Definition/Description[edit | edit source]

FABERs test.  Attribution to "Dr. Donald Corenman, MD - Colroado Spine Doctor".

The FABER (Patrick’s) Test stands for: Flexion, Abduction and External Rotation. These three movements combined result in a clinical pain provocation test to assist in diagnosis of pathologies at the hip, lumbar and sacroiliac region. [1]

Clinically Relevant Anatomy[edit | edit source]

Hip articulation is true diarthroidal ball and-socket style joint.

Formed from the head of the femur as it articulates with the acetabulum of the pelvis. This joint serves as the main connection between the lower extremity and the trunk, and typically works in a closed kinematic chain.[2] Thus is designed for stability and weight-bearing – rather than a large range of movement.

Movements available at the hip joint are flexion, extension, abduction, adduction, internal rotation and external rotation. The ligaments of the hip joint act to increase stability. They can be divided into two groups – intracapsular and extracapsular.

Hip joint (highlighted in green) - anterolateral view

For more detailed information on the anatomy of the hip, lumbar spine and Sacroiliac Joint.

Image: Hip joint (highlighted in green) - anterolateral view [3]

Purpose[edit | edit source]

The FABER test is used to identify the presence of hip pathology by attempting to reproduce pain in the hip, lumbar spine or sacroiliac region. The test is a passive screening tool for musculoskeletal pathologies, such as hip, lumbar spine, or sacroiliac joint dysfunction, or an iliopsoas spasm.[4][1]

The test also assesses the hip, due to forces being transferred through the joint. The position of flexion, abduction, and external rotation, when combined with overpressure, stresses the femoral-acetabular joint and produces pain, if irritated.[5][6]

In conjunction with other tests such as range of movement and hip quadrant test, FABERs can be a useful tool to guide practitioners when to refer for further imaging in patients with persistent hip or groin pain.[7]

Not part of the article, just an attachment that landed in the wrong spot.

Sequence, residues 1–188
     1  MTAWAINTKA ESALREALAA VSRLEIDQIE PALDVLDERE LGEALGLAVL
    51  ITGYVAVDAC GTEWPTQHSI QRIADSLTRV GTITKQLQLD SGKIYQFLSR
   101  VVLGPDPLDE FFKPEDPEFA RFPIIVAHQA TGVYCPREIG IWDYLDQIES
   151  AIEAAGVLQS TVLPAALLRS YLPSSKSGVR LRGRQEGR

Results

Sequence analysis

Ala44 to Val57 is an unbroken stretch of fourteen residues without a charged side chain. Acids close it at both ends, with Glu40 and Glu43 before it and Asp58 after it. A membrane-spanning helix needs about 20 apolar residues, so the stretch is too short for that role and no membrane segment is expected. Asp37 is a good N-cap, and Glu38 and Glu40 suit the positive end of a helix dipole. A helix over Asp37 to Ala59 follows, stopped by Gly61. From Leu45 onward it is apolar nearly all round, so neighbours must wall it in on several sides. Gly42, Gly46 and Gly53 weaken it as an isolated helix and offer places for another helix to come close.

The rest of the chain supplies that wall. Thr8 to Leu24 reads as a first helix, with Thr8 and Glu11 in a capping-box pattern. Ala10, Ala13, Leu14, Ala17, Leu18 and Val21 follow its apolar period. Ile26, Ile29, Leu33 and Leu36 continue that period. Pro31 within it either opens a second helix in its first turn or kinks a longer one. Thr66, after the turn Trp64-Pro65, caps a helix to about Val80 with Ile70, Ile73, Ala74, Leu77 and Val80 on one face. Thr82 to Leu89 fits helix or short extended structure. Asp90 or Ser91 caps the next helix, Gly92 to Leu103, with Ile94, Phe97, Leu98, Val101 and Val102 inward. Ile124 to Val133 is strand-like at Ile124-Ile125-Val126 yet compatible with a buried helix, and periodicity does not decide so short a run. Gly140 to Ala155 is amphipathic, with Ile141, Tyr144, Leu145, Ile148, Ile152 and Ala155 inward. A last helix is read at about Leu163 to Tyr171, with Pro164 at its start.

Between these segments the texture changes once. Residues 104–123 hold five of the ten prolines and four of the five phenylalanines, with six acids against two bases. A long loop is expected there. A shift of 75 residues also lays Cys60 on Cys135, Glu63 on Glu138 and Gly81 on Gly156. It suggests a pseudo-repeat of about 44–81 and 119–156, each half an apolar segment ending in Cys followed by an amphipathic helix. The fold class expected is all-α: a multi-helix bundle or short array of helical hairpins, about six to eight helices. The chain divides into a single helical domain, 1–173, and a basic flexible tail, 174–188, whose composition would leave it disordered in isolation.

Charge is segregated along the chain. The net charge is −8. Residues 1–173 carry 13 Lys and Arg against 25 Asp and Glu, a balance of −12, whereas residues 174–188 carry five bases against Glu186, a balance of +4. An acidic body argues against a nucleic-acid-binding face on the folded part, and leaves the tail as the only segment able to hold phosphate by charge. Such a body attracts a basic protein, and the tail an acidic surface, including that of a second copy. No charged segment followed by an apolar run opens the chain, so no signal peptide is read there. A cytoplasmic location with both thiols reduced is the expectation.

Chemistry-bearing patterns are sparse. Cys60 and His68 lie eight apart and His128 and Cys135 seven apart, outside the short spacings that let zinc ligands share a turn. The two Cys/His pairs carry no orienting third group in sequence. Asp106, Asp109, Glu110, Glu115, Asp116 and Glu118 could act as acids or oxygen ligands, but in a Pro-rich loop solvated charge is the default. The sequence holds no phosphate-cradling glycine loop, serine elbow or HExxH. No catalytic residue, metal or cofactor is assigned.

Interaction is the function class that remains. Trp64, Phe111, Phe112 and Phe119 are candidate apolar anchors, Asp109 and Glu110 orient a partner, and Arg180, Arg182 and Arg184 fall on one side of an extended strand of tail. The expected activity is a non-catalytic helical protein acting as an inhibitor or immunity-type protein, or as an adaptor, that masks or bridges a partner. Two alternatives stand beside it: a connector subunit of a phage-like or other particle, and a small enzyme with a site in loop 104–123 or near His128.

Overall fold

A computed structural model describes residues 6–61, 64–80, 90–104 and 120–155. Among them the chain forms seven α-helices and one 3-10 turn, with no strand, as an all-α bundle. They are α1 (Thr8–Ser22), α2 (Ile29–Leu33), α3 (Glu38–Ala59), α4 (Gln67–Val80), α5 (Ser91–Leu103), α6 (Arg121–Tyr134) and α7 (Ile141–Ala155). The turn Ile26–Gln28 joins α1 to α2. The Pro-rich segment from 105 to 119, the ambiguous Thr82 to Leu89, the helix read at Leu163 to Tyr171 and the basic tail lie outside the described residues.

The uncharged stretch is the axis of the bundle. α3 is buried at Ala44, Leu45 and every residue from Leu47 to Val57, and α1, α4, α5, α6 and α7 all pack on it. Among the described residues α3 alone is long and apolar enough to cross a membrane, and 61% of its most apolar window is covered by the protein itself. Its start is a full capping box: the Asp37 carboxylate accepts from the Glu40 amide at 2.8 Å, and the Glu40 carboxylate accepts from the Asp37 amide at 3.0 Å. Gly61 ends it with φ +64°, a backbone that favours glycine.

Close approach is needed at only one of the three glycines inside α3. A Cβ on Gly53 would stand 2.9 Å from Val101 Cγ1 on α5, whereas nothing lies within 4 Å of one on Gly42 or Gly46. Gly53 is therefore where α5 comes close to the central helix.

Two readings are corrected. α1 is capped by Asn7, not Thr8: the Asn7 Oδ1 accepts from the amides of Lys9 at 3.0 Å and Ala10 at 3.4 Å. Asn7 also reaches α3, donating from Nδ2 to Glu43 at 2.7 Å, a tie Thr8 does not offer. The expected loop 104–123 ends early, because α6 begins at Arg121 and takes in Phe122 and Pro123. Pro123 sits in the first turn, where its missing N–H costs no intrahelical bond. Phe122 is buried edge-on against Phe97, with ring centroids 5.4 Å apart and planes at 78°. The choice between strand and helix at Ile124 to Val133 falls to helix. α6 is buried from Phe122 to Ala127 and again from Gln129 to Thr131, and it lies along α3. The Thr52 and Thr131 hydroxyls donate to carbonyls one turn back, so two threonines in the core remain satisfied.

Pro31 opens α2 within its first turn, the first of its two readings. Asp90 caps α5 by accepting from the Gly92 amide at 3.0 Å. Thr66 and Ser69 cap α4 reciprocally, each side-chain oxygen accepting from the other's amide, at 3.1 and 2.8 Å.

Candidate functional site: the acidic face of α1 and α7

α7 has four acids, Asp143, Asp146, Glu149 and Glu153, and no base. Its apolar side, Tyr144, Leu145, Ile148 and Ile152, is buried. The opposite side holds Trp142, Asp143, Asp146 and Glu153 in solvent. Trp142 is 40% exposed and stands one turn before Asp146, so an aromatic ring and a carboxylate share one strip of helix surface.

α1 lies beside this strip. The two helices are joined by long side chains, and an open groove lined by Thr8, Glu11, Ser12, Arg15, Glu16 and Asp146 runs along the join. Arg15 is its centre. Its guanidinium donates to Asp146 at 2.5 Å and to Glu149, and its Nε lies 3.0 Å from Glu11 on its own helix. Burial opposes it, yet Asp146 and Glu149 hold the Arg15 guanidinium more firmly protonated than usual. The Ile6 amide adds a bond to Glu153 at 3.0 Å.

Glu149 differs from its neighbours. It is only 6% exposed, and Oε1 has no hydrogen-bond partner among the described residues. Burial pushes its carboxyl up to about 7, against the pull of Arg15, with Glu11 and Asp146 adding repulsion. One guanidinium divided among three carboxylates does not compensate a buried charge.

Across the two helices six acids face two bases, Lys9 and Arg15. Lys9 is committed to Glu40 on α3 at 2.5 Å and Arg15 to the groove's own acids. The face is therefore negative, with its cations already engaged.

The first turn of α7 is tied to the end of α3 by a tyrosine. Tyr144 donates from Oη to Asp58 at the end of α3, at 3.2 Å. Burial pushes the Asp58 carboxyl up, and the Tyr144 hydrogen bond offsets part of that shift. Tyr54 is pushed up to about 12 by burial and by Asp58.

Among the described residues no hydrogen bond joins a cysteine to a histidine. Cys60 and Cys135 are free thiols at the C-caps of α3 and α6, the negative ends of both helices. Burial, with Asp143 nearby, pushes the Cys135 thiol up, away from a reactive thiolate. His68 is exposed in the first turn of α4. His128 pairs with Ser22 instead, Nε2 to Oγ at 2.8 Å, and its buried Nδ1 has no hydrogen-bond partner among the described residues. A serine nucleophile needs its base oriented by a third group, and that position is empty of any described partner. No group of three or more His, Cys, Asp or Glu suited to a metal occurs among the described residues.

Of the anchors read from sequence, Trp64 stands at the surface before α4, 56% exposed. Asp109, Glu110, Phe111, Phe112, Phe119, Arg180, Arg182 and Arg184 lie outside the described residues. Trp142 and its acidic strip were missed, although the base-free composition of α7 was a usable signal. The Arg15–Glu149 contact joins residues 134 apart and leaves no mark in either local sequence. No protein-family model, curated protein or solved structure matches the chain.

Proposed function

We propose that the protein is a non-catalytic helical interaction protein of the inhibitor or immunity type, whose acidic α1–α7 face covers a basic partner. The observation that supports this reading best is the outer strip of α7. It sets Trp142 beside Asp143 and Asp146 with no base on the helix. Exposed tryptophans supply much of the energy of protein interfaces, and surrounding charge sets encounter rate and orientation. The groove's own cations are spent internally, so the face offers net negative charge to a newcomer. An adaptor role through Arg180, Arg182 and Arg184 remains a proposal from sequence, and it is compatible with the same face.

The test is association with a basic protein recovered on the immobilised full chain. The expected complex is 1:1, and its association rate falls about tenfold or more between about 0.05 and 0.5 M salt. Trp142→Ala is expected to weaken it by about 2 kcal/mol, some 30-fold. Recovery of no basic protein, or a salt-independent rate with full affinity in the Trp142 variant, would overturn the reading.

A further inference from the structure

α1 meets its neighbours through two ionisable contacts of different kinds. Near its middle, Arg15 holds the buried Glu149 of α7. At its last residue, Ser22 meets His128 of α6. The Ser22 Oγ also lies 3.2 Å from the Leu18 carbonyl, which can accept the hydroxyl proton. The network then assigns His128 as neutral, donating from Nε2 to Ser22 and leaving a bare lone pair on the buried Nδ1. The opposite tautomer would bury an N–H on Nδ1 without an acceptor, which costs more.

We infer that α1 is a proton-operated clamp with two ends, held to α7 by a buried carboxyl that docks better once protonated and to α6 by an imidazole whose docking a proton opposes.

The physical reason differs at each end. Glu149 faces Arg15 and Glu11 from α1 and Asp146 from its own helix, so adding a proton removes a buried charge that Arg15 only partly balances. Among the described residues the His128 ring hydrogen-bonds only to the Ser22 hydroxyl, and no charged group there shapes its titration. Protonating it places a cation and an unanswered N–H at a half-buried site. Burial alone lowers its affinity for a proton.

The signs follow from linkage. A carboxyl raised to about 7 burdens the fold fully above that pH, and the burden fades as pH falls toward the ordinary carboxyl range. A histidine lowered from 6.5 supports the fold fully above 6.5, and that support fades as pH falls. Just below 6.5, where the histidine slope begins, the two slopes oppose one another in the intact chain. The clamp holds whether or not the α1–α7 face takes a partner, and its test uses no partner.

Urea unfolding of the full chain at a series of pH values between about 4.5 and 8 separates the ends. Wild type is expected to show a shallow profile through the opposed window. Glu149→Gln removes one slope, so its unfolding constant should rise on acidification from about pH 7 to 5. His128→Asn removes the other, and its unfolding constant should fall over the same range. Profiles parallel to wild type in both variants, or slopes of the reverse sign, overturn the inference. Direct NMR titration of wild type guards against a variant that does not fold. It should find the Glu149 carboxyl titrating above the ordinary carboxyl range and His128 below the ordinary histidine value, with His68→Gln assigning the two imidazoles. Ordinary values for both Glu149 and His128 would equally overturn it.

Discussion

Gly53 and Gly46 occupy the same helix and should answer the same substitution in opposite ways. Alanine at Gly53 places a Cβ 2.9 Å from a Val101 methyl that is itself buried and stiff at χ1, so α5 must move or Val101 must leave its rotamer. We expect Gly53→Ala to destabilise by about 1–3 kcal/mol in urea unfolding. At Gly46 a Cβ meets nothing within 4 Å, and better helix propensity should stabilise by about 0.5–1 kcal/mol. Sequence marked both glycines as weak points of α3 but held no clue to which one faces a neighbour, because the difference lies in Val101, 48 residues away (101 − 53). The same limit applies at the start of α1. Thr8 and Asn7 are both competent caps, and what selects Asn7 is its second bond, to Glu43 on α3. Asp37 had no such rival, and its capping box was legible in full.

When the FABER test is clustered, it can provide highly useful information in identifying those suffering from sacroiliac joint dysfunction. This tests the sacroiliac joint, as the horizontal abduction force goes through the femur, the soft tissues under tension transfer the forces to the sacroiliac joint. Hence, this test can indicate pathology located in the hip or sacroiliac joint.

Technique[edit | edit source]

The patient is positioned in supine. The leg is placed in a figure-4 position (hip flexed and abducted with the lateral ankle resting on the contralateral thigh proximal to the knee. [8] While stabilizing the opposite side of the pelvis at the anterior superior iliac spine, an external rotation, abduction and posterior force is then lightly applied to the ipsilateral knee until the end range of motion is achieved. A further few small-amplitude oscillations can be applied to check for pain provocation at the end range of motion. [9] A positive test is one that reproduces the patient's pain or limits their range of movement. [8]


Interpretation[edit | edit source]

The following findings of a positive FABER test may help to guide your clinical diagnosis;

  1. Sarcoiliac Joint Pain on external hip rotation
  2. Groin Pain on external hip rotation
  3. Posterior Hip Pain on external hip rotation
    • Posterior Hip Impingement

Evidence[edit | edit source]

  • Reliability: FABER measured with a ruler, normalized FABER range of movement, and inclinometry all resulted in excellent intra-rater reliability, with the highest ICC being demonstrated for inclinometry (ICC 0.86, 0.86, and 0.91).[12] The use of an inclinometer may increase reliability when performed by an experienced clinician in comparison with height measutements.
  • Sensitivity for identification of hip pathology identified with arthroscopy: 0.89[7]
  • Correlation of positive test with OA on radiographs: r = 0.54[11]
  • Kappa (95% Confidence interval): 0.63 (0.43-0.83), Kappa Maximum: 0.83, Percent agreement: 84%, Prevalence: 0.37, Bias: 0.07[1]
  • Diagnostic value of FABER test compared to MR arthrogra¬phy in labral tear diagnostics: sensitivety: 41%, specificity: 100%, positive predictive value: 100%, negative predictive value: 9%[9]